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Source and observer both start moving simultaneously from the origin, one along X axis and the other along Y-axis, the speed of source equal to twice the speed of the observer. The graph between the apparent frequency (\[n'\]) observed by observer and time \[t\] would be: (\[n\] is the frequency of the source)
(A)

(B)

(C)

(D)

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Last updated date: 14th Apr 2024
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MVSAT 2024
Answer
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Hint: We need to find the velocity of the velocity of the observer in the direction of the line joining the source and the observer. Then we need to find the velocity of source in the same direction.

Formula used: In this solution we will be using the following formulae;
\[n' = n\left( {\dfrac{{v - {v_L}}}{{v + {v_s}}}} \right)\] where \[n'\] is the frequency observed by the observer when the source and observer are moving away from each other, \[n\] is the actual frequency of the wave from the source, \[v\] is the speed of wave, \[{v_L}\] is the speed of the observer and \[{v_s}\] is the speed of the source

Complete Step-by-Step Solution:
To find the frequency observed by the observer, we must be able to calculate the actual velocity of recession of the source and observer from each other. Hence, on the line joining the observer and source the component of the velocity of each in that direction is taken as their velocity away from each other.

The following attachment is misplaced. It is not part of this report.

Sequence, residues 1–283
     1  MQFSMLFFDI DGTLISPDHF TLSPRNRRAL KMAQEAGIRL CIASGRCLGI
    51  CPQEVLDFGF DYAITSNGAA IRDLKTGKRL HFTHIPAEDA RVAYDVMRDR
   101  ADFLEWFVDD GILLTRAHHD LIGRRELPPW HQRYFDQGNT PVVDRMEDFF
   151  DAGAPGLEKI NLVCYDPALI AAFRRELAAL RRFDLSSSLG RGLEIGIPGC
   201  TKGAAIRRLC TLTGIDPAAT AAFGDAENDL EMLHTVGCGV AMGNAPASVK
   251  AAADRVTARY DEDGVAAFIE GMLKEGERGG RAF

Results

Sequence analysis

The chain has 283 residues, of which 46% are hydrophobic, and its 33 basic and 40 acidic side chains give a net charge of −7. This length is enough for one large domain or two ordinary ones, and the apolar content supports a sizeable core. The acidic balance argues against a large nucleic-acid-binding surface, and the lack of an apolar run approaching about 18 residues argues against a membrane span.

From the diagram, we can see that velocities in the direction of their line of sight can be give each as
\[{v_L} = {V_0}\cos \theta \] and \[{v_s} = 2{V_0}\cos \alpha \]
But from Pythagoras theorem
\[\cos \theta = \dfrac{1}{{\sqrt 5 }}\] and \[\cos \alpha = \dfrac{2}{{\sqrt 5 }}\]
Hence,
\[{v_L} = {V_0}\dfrac{1}{{\sqrt 5 }}\] and \[{v_s} = 2{V_0}\dfrac{2}{{\sqrt 5 }}\]
The frequency observed when source and observer are moving away from each other is given as
\[n' = n\left( {\dfrac{{v - {v_L}}}{{v + {v_s}}}} \right)\] where \[n\] is the actual frequency of the wave from the source, \[v\] is the speed of wave, \[{v_L}\] is the speed of the observer and \[{v_s}\] is the speed of the source.
Hence, by inserting into the equation, we have
\[n' = n\left( {\dfrac{{v - {V_0}\dfrac{1}{{\sqrt 5 }}}}{{v + 2{V_0}\dfrac{2}{{\sqrt 5 }}}}} \right) = n\left( {\dfrac{{v - \dfrac{{{V_0}}}{{\sqrt 5 }}}}{{v + \dfrac{{4{V_0}}}{{\sqrt 5 }}}}} \right)\]
Obviously, \[v + \dfrac{{4{V_0}}}{{\sqrt 5 }} > v - \dfrac{{{V_0}}}{{\sqrt 5 }}\]
Then, \[n' < n\]
And as we see, there’s no dependency on time.

Hence, the correct option is B

Note: For clarity, the values of \[\cos \theta \] and \[\cos \alpha \] can be proven as follows:
Velocity is a vector, hence can be represented as the length of the sides of the triangle as shown in the figure in the solution step. The line of sight is obviously the hypotenuse of the right angled triangle created. Hence,
\[v = \sqrt {V_0^2 + {{\left( {2{V_o}} \right)}^2}} = {V_0}\sqrt 5 \]
Now \[\cos \theta = \dfrac{{adjacent}}{{hyp}} = \dfrac{{{V_0}}}{{{V_0}\sqrt 5 }}\]
Hence,
\[\cos \theta = \dfrac{1}{{\sqrt 5 }}\]
Similarly,
\[\cos \alpha = \dfrac{2}{{\sqrt 5 }}\]